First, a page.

Adults who experience a fear of abandonment may struggle with a preoccupied attachment style. They frequently anticipate rejection and search for signs of disinterest from their partner. They may feel triggered by even subtle or imagined signs of rejection from their partner based on the real rejections they experienced in their childhood. As a result, they may act possessive, controlling, jealous, or clingy toward their partner. They may often seek reassurance or display distrust. “However, their excessive dependency, demands and possessiveness tend to backfire and precipitate the very abandonment that they fear,” wrote Catlett. She describes how some people who have a fear of abandonment behave in ways that are punishing, resentful, and angry when their partner doesn’t give them the attention and reassurance they believe they need to feel secure. “They often believe that unless they dramatically express their anxiety and anger, it is unlikely that the other person will respond to them,” wrote Catlett. However, some people with preoccupied attachments are more “reluctant to express their angry feelings toward a partner for fear of potential loss or rejection.” This can lead them to suppress their feelings, which can cause them to build up, and, eventually, spill out in outbursts of strong emotion. Whether, they’re repressing or conveying their strong emotions, these individuals are being triggered in the present based on events from their past. Therefore, resolving these emotions is key to feeling stronger in themselves and experiencing healthier relationships.

A person’s early attachment style can also affect his or her partner selection. People often choose partners who fit with patterns from their past. For example, if they felt ignored as children, they may choose a partner who is self-centered or distant. People are rarely aware of this process, but they may feel an extra attraction to a person who reminds them of someone from their past. Or they may find ways to recreate the emotional climate of their childhood. People who are afraid of being abandoned often not only select partners who are less available, but they may also distort their partners, believing them to be more rejecting then they are. Finally, they sometimes even provoke the other person in ways that influence their partner to pull back and create more distance. Catching on to these patterns, which Drs. Robert and Lisa Firestone call “selection, distortion, and provocation” can help people who have a fear of abandonment make better choices that can help them create more security.

How can we overcome fear of abandonment and change our attachment patterns?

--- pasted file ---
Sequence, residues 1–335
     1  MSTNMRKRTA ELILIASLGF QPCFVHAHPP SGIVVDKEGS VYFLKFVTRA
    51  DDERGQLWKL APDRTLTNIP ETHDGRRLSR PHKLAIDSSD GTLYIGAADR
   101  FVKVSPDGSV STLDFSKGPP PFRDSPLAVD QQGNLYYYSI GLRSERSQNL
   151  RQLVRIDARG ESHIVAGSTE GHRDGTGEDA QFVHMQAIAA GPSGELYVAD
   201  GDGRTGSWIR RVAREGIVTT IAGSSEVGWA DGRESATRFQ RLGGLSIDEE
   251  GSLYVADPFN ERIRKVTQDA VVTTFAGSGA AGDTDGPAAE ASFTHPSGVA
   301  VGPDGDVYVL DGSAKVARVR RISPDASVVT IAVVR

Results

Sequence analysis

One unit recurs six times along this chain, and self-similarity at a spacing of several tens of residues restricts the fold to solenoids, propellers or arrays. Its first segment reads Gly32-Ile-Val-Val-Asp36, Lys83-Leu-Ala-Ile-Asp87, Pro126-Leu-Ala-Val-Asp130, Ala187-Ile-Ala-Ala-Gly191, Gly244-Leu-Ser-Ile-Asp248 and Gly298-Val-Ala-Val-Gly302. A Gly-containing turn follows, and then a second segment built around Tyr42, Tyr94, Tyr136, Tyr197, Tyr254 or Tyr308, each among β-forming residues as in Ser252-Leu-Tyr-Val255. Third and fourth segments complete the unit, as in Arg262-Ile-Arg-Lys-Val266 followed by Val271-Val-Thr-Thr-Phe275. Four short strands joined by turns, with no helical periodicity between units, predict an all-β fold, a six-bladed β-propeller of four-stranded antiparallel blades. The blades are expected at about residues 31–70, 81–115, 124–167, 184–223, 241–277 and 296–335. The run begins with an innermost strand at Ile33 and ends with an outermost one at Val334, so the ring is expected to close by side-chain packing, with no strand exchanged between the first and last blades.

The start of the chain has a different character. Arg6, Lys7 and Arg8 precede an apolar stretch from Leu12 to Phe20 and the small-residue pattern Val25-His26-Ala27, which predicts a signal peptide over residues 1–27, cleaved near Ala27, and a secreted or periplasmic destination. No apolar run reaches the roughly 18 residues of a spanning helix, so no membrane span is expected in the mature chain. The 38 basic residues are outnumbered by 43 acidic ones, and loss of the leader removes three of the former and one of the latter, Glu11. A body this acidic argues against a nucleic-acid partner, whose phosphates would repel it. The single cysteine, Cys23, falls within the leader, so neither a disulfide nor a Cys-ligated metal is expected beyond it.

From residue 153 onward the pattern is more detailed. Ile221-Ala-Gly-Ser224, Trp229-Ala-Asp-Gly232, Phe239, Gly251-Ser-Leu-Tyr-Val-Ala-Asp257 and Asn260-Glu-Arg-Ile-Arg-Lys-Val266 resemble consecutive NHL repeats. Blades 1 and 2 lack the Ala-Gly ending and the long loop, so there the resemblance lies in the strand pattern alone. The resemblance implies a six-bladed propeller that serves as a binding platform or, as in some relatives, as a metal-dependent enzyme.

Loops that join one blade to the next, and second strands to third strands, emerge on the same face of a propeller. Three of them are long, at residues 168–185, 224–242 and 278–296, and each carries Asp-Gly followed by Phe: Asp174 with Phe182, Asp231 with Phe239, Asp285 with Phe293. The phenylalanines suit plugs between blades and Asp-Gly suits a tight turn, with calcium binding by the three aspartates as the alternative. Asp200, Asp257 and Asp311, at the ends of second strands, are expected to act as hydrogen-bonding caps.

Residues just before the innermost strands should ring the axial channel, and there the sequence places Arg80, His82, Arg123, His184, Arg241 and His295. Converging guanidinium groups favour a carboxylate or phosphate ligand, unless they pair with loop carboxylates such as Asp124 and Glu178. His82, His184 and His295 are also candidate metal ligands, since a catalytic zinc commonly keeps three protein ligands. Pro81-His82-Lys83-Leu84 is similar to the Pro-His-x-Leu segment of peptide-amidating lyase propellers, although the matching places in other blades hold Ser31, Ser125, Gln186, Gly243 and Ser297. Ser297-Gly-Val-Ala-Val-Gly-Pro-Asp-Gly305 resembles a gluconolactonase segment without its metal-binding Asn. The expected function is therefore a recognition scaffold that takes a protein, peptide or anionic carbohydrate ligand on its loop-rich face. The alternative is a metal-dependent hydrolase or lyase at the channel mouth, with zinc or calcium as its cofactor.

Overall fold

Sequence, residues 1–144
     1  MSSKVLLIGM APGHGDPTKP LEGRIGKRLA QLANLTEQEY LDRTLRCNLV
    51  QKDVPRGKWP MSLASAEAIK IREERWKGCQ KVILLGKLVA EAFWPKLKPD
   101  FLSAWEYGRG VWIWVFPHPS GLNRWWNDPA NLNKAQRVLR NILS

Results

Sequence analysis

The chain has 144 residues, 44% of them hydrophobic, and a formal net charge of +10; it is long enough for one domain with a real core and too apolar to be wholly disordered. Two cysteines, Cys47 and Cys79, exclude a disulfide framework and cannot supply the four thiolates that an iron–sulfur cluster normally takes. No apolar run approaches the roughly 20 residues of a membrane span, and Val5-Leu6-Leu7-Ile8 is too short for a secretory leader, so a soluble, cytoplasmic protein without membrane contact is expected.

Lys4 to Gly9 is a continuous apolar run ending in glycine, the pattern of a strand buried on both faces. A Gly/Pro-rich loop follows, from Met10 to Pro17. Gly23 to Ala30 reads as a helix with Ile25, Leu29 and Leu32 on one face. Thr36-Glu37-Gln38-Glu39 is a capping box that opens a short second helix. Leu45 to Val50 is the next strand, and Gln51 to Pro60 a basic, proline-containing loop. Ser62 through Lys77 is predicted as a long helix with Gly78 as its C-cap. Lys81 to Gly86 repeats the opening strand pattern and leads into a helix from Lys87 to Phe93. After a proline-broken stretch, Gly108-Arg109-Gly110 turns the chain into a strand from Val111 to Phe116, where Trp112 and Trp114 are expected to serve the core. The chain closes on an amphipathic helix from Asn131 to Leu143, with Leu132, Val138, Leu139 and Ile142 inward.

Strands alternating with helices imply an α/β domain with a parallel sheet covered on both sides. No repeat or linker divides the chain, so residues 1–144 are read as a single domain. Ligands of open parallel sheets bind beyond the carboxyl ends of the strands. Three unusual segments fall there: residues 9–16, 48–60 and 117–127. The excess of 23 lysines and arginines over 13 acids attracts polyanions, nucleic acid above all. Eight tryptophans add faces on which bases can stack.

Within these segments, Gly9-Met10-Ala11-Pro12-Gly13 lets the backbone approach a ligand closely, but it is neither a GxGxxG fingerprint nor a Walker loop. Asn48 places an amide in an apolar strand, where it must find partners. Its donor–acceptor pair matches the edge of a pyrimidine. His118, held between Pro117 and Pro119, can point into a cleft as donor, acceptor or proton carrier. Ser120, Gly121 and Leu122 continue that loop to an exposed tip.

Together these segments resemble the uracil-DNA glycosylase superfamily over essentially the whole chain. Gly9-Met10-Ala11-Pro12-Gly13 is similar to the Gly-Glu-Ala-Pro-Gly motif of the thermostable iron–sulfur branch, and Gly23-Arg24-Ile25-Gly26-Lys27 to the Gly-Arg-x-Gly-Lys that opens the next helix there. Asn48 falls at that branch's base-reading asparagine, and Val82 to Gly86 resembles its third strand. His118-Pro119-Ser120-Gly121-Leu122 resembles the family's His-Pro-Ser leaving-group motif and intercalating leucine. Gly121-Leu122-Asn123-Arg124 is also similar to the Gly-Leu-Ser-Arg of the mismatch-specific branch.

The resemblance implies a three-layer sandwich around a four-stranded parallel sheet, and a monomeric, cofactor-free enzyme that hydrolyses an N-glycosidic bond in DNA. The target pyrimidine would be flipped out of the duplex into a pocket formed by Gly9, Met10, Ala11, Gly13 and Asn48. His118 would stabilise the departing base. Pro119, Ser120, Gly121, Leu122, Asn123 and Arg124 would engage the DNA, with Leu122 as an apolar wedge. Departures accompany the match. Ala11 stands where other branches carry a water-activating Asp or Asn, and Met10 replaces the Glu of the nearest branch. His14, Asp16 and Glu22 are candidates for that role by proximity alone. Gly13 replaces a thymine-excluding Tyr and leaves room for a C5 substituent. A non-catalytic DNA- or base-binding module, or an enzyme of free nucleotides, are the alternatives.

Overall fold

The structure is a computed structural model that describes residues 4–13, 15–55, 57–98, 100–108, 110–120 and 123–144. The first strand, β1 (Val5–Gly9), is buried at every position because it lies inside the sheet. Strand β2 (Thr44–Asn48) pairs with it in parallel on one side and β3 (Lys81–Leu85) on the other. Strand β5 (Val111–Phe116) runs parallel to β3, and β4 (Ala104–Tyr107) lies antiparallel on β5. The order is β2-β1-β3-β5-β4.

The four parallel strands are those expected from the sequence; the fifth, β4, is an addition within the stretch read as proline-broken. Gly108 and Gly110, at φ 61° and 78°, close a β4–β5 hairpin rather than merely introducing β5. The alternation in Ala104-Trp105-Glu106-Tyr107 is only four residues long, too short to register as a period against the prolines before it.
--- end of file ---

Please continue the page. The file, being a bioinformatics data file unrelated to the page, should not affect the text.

Fortunately, a person’s style of attachment is not fixed. We can develop earned secure attachment as adults in several ways. As Dr. Lisa Firestone, who recently co-taught the online course Making Sense of Your Life: Understanding Your Past to Liberate Your Present and Empower Your Future with Dr. Daniel Siegel, has said, “What’s broken in a relationship can often be fixed in a relationship.” What she means by this is not that a person’s current partner can be expected to fill the voids or heal all wounds from one’s childhood, but that experiencing a secure attachment can offer someone a new model for relationships and how people behave in them. If a person is able to form a relationship with someone who has a long history of being securely attached, that person can learn that he or she doesn’t have to desperately cling to a person to get his or her needs met. Another way for individuals to develop more security within themselves is through therapy. Experiencing a secure relationship with a therapist can help a person form earned secure attachment.

Attachment research has further shown that it’s not just what happens to people in childhood that affects their adult relationships; it’s how much they make sense of and feel the full pain of what happened to them. As human beings, we are not helpless victims of our past, but we do need to face our past in order to create a better future. One of the most effective ways for a person to develop secure attachment is by making sense of his or her story. Dr. Daniel Siegel talks about the importance of creating a coherent narrative in helping individuals feel more secure and strengthened within themselves. When people make sense of and convey their story, they get to know their patterns and triggers, and they aren’t as instinctively reactive in a relationship – be it with a romantic partner or with their children. When people make sense of their past, they may be less likely to feel such intense, knee-jerk fear of abandonment. However, even when they do feel fear, they are far better able to calm themselves down. They can identify where their fear comes from and where it belongs, and they can take actions that are more rational and appropriate to the reality of their present lives. They can enhance and strengthen their relationships rather reacting with fear and insecurity and creating the distance they so fear.